Damn Small Linux can be an ideal platform for supporting a wide range of programming languages. You can even program directly from the command line via a programming shell such as Bash. Major programming languages used in this environment include C, C++, and Java. If you are developing for the Internet you may want to use PHP, a web programming language and MySQL, a language for database system development. All these programming languages are also available in the Windows environment. So the question arises, why would you want to program under Linux rather than under Windows?
Many web developers and Internet service providers feel that Linux provides a more stable web site environment than does Windows. The most widely used web server, Apache, is available under both these operating systems but its new features, security enhancements, and bug fixes always are made available first on the Open Source (LAMP) version. And then they filter down to the Windows version. At the time of this writing the Windows version of Apache has problems with its cryptographic functions.
While programming languages are essentially the same across these two operating systems, their libraries are quite different. Basically, when you write complicated programs you want to make use of as much prewritten software as possible to reduce your programming and debugging effort. One example is handling the graphical user interface. As programmers often say, why reinvent the wheel? Linux provides a wider choice of libraries and graphical user interface toolkits.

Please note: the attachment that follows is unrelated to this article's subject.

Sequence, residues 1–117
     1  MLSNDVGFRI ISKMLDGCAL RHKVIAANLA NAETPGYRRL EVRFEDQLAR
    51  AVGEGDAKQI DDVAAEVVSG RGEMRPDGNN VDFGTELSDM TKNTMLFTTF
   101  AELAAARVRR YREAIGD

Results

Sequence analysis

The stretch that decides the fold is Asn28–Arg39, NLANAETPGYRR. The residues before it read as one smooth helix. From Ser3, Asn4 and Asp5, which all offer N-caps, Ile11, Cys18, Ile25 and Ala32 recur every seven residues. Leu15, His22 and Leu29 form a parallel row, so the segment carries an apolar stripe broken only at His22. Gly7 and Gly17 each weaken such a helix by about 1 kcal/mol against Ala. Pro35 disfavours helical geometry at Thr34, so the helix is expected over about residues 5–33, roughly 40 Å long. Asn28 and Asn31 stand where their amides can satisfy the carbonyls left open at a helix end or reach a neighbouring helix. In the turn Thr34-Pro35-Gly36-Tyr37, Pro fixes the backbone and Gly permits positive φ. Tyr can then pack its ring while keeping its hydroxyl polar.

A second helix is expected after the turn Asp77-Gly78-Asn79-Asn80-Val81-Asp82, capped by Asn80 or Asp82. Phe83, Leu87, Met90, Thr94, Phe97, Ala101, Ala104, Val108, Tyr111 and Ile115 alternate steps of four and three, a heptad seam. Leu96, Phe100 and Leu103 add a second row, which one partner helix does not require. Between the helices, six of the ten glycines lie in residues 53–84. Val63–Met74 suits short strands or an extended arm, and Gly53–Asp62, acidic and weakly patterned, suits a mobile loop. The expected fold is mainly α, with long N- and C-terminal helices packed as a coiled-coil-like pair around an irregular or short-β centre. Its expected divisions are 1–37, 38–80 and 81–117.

When you program in Linux it is often fairly easy to port your programs to the Windows environment. Unfortunately, the inverse is rarely true. Of course as Linux systems become more popular, you will find more and more Windows-based programming systems that enable you to convert your programs to run under Linux. To do so makes clear economic sense.
Program conversion tools may be fairly difficult to develop. For example, executing programs must access the actual computer hardware. As you may imagine Linux and Windows programs access hardware quite differently. The modules that manage hardware access are called drivers. Linux drivers tend to be of higher quality than Windows drivers.
These two operating systems differ substantially in the way they manage programs during their execution. In other articles we discussed Linux’s increased security compared to Windows. We conclude this article by repeating a point that we have often made; you can run Damn Small Linux and its associated applications on very reduced hardware. You can do Linux, PHP, and MySQL development on old computers, ones that may have seemed ready for the garbage heap. In contrast many Windows competitors such as SQL Server Developer Edition require substantially more powerful computers, the kind of computers that people purchase for one or a few thousand dollars. When your programs will be used by dozens of people simultaneously, you will need powerful hardware. Don’t forget the operating system; can you guess which one we recommend? Our next subject is the graphical user interface.